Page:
PHOENIX - It could soon be a lot easier to compute your state income taxes.
But the trade-off is, lots of us will end up paying more.
The House on Monday voted 40-18 to scrap virtually all of the deductions now available to Arizona residents to reduce their taxable income.
And by 2015, the current graduated tax rates, from 2.59 percent at the bottom end to 4.54 percent, will also be gone. In its place would be a flat rate of 2.08 percent.
Rep. Steve Court, R-Mesa, who wrote the measure, said it is designed so the state takes in just as much as it would under the current system. But it means there will be winners - and losers, he said.
Losers include those who reduce their taxable income by the amount of interest they pay on their home mortgages and deduct charitable contributions.
Court's proposal eliminates the personal exemptions and standard deductions, which together have, until now, resulted in some people owing no state taxes at all. Generally speaking, a couple with at least one dependent with a federal adjusted gross income of about $15,000 a year have been able to reduce their state tax liability to zero.
No more. And Court said that is by design, even though the federal poverty level for a family of three is $18,310 a year.
"They're using state services," he said. "And it's a nominal amount."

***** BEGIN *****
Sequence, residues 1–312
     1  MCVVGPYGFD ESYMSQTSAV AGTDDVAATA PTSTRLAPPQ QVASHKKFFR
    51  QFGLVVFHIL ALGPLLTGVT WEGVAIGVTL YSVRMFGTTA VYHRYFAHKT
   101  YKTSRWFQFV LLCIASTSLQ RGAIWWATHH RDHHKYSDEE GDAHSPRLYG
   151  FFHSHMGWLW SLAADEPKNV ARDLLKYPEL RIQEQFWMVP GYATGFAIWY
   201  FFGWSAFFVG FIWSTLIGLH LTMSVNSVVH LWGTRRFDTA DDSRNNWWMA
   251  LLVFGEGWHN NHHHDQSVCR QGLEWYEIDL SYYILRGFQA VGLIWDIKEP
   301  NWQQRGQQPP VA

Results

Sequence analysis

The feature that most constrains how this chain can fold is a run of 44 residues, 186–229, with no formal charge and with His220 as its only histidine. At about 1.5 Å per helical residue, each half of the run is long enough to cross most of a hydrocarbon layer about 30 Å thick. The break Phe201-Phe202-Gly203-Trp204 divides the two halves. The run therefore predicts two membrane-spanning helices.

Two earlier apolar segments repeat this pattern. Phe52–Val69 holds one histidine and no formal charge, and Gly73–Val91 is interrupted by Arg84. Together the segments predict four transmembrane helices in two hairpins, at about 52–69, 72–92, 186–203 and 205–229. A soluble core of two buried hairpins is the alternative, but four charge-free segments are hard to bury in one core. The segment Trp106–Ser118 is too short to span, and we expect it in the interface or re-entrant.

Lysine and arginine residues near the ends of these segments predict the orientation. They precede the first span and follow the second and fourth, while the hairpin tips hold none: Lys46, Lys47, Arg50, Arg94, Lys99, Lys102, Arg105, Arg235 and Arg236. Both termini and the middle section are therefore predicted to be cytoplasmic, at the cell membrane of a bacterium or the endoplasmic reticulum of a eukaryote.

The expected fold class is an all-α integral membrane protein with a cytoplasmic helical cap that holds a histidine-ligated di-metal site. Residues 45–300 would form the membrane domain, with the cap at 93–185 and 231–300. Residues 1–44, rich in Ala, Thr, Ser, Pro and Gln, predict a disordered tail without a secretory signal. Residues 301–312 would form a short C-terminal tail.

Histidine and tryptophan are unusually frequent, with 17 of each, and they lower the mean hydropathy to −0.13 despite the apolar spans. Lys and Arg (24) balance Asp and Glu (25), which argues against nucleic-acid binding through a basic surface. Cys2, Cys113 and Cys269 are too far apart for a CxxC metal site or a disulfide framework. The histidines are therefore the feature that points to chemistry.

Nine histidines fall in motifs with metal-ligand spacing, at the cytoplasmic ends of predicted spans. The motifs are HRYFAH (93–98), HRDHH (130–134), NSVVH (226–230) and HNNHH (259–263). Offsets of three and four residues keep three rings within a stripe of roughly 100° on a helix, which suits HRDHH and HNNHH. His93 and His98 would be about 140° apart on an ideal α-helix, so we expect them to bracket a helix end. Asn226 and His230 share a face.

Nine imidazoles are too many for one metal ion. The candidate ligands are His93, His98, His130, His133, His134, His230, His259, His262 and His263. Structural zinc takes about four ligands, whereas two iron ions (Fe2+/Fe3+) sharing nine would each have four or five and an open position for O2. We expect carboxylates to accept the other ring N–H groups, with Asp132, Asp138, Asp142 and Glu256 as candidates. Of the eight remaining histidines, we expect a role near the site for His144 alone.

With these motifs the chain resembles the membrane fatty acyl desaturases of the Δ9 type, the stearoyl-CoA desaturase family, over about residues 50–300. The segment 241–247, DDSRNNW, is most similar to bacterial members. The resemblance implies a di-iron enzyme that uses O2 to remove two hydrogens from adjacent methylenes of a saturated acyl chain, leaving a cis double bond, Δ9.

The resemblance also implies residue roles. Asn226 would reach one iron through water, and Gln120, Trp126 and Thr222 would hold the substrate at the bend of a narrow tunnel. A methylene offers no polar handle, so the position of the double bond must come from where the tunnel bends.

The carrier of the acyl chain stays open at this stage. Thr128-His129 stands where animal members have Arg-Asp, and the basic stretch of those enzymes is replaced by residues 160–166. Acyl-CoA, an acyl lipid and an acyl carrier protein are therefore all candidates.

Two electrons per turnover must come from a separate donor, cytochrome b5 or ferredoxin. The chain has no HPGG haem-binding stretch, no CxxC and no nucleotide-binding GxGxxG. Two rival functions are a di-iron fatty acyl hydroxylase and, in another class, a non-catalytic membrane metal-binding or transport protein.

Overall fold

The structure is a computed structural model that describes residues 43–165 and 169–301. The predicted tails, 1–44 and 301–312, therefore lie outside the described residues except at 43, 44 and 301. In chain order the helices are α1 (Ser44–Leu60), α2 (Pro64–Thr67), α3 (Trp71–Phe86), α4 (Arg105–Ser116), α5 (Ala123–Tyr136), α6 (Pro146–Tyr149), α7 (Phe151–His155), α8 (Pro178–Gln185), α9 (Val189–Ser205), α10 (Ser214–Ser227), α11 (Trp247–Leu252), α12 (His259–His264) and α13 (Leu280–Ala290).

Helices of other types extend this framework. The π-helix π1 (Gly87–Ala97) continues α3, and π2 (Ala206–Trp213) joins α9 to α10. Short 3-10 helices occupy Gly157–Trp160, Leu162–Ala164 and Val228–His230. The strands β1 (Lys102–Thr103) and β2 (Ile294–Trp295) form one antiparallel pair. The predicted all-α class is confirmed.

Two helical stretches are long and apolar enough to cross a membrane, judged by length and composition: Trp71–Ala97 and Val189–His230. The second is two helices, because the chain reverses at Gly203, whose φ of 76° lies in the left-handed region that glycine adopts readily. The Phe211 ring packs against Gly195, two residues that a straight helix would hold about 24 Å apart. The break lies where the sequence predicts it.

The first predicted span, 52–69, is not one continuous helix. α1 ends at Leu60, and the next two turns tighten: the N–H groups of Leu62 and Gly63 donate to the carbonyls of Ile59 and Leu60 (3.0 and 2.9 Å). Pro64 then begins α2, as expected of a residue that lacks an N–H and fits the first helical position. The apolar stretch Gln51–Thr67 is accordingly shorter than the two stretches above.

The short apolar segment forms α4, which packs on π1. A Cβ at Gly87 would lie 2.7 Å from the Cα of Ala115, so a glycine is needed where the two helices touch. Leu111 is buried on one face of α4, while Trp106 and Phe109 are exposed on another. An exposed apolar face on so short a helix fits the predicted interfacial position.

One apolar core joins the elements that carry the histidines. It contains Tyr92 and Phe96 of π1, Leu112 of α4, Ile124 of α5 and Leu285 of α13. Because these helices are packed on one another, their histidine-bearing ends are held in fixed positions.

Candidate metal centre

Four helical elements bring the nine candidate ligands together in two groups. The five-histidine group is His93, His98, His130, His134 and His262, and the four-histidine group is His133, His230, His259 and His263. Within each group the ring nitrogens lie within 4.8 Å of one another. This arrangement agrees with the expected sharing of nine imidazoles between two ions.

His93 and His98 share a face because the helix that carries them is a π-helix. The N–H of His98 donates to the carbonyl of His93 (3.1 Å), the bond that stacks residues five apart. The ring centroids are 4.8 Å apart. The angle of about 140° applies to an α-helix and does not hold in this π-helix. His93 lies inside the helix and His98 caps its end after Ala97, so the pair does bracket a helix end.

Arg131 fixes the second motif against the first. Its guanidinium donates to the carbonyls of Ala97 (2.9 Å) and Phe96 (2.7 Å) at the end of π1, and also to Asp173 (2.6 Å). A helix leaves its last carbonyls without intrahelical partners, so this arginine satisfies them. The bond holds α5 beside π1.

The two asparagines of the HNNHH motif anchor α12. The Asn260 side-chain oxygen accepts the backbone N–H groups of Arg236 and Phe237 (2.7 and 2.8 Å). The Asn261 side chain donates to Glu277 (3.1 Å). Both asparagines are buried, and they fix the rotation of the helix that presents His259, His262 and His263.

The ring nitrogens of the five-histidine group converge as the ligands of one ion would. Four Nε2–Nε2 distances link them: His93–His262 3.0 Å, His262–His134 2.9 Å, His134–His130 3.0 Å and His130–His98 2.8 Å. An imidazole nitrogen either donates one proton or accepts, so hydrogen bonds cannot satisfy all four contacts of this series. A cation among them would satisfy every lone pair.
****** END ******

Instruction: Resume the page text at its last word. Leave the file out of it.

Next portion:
At $15,000, that 2.08 percent tax rate would compute to about $312 a year.
Court said having everyone pay taxes also is good from a public-policy standpoint.
"They would have greater interest in votes in the future that somebody's proposing to raise taxes and now they'll be affected," he said.
Rep. Steve Farley, D-Tucson, said there is evidence that people across the income scale will be hit.
He cited a report prepared by Walter Dudley, a certified public accountant, who took the taxes of six different families and compared what they pay now versus what they would pay in the future. The incomes ranged from $17,784 to $248,456.
"What he discovered was every single one of those households saw their taxes increase under these rules," Farley said, ranging from $370 more a year for the family at the lowest end to $5,274 in extra taxes for the family at the top.
"So if you're voting for this bill, you're voting for a massive tax increase on every household in the state of Arizona according to calculations," Farley told other legislators.
Rep. John Kavanagh, R-Fountain Hills, said he dismissed Dudley's conclusion as something that would be expected from accountants who figure to lose business with the change.
Ultimately, Court said, it comes down to a question of philosophy. He said there is no reason for those who are doing better to pay a higher percentage of their income to support government.
"With a flat tax, if you make 10 times more than I do, you'll pay 10 times as much tax," he said. "I'm just trying to get everybody back down to a level playing field."
The measure now goes to the Senate.